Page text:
Electron density is a real space function that can be easily obtained theoretically, or experimentally via high-resolution crystallographic diffraction. It has long been thought that electron density is of little use on studying molecular electronic structure due to its monotonic character. However, this is no longer true if the density corresponding to core electron is removed. Despite its simplicity, valence electron density shows significant application value of revealing electronic structure of chemical systems. However, this point has not been substantially explored and recognized by theoretical chemists. In this contribution, we present a detailed investigation on valence electron density using a few chemical systems of various kinds as examples. It is proven that graphical analysis of valence electron density is able to successfully unveil information about covalent bonds, lone pairs, multi-center interactions and so on. Non-covalent interaction and variation of electronic structure in the course of chemical reaction can also be nicely analyzed by means of valence electron density. If advanced analysis technique, namely basin analysis, is adapted, even more content of chemical interest could be extracted from distribution of the valence electron density.

The prevalently used real space functions ELF and ∇2ρ, as well as the less popular but very useful function ρdef are also included in our discussion for comparison purpose. It is found that information conveyed by these functions are largely identical, despite different functions have very different physical meanings. For most situations, valence electron density can replace the role of other functions, with additional advantage of reduced computational complexity. However, as noticed and illustrated in the text, one should also recognize that the powerful valence electron density analysis is not completely free of drawbacks. In the circumstances when valence electron density analysis does not work well, other real space functions such as ELF should be employed together to supply complementary information.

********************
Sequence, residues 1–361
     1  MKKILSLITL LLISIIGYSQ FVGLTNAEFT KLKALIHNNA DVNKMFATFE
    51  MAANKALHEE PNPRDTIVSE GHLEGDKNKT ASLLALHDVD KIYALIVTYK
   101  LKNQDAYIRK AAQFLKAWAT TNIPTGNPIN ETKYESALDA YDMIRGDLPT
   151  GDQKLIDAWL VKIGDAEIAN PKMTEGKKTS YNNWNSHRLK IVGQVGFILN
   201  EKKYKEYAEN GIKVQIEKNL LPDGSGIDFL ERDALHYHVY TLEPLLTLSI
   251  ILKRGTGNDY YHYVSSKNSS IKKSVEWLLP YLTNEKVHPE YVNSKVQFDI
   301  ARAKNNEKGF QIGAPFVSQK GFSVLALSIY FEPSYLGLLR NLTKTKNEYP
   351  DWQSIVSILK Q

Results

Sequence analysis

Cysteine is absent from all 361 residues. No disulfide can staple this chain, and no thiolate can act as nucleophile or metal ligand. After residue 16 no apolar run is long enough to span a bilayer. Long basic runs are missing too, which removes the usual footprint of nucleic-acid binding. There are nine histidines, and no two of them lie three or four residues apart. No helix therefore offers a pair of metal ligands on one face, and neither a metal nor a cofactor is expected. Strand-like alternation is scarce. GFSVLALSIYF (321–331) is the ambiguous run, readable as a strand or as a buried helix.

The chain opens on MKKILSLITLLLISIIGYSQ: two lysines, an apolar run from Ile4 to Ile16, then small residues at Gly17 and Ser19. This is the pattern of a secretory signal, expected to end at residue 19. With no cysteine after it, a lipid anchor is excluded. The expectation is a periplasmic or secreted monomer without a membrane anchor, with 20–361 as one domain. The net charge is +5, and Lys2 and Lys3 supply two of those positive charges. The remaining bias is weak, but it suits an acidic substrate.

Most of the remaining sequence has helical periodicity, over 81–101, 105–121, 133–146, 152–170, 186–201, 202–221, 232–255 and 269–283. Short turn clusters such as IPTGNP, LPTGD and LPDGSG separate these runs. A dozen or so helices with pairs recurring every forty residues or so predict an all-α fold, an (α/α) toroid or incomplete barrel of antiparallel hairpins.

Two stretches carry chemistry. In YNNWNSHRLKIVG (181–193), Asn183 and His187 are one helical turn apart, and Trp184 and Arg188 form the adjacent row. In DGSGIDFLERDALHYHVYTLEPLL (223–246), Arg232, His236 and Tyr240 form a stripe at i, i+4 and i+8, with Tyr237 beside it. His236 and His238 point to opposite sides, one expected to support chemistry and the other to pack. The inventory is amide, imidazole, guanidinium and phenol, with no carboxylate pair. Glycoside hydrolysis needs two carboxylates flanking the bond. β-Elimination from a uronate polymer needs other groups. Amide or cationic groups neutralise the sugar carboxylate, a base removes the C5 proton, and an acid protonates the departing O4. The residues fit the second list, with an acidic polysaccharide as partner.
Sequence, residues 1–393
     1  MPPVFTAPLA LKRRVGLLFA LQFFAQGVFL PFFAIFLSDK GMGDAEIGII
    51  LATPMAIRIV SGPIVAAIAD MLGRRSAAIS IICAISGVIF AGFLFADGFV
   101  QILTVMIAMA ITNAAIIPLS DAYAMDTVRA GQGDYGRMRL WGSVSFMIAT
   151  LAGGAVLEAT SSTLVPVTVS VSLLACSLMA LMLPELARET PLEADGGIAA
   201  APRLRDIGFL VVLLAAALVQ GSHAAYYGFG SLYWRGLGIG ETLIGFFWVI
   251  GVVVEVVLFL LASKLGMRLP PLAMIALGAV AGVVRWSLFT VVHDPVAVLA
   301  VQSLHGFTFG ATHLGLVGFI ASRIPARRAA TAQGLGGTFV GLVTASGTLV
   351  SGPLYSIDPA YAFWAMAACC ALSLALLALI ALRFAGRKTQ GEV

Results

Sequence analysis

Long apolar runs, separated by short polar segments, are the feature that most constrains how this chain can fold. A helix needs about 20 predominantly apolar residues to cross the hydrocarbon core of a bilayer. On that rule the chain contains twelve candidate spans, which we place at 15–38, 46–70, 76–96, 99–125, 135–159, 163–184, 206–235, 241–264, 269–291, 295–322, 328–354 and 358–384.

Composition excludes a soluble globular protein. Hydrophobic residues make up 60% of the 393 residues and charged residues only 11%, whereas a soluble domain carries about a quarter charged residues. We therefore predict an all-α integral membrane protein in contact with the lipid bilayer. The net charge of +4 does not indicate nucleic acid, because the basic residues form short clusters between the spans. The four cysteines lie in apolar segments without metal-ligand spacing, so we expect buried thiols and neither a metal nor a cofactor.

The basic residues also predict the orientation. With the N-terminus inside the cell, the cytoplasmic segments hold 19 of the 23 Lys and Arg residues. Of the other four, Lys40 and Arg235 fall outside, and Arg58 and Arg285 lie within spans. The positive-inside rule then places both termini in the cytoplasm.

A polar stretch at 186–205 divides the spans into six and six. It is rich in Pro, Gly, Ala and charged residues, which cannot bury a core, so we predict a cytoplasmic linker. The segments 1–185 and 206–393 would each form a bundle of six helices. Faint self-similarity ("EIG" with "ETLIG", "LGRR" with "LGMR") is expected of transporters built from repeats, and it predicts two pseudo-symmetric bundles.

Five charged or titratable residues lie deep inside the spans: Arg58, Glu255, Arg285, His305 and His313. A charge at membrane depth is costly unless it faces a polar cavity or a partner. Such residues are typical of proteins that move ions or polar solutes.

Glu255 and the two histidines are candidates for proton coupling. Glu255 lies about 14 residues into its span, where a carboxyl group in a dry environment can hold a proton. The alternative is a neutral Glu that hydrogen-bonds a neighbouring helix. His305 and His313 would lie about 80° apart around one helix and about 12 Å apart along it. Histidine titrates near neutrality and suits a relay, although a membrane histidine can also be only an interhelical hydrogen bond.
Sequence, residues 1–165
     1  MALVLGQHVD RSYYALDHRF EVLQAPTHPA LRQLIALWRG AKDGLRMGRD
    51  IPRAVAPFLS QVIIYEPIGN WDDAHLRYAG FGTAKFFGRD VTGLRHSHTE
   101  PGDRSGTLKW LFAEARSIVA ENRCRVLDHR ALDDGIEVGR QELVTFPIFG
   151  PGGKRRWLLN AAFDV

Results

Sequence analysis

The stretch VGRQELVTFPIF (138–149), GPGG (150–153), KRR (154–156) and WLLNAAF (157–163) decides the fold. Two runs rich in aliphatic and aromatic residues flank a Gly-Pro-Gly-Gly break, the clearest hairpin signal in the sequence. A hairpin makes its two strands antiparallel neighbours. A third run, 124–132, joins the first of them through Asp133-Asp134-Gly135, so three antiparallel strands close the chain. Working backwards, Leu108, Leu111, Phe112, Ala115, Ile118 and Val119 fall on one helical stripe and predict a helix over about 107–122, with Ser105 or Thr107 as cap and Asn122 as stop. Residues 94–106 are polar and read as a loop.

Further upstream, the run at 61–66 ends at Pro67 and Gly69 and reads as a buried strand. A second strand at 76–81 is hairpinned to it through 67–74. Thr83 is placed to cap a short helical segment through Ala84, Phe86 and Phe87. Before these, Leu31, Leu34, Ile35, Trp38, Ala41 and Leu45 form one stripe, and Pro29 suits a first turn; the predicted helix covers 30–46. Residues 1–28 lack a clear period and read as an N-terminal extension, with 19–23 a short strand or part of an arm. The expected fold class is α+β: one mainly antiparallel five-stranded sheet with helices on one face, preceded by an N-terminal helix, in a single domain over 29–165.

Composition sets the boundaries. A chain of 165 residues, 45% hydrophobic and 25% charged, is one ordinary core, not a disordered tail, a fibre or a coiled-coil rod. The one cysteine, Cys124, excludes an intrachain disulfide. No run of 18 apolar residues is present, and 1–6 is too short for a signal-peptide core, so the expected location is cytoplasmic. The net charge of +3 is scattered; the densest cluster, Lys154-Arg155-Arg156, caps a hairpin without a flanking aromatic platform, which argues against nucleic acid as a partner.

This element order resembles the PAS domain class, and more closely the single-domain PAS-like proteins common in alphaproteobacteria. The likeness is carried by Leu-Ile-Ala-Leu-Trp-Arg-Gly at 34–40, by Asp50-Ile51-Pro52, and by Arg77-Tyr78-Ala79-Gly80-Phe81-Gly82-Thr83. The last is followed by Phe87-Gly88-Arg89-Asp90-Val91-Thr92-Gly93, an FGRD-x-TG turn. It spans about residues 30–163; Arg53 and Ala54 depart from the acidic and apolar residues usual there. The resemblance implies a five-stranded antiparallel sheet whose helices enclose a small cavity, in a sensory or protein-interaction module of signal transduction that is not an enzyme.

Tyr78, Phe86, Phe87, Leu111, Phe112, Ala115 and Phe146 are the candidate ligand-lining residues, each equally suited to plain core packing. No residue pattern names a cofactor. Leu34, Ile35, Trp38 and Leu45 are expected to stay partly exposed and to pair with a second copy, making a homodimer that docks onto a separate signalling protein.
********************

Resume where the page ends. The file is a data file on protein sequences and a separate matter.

In summary, the usefulness and reliability of valence electron density analysis for revealing molecular electronic structure is strongly demonstrated, we hope this work will make valence electron density receive more attention from chemists as it deserves.

Supporting Information: available free of charge via the internet at http://www.whxb.pku.edu.cn.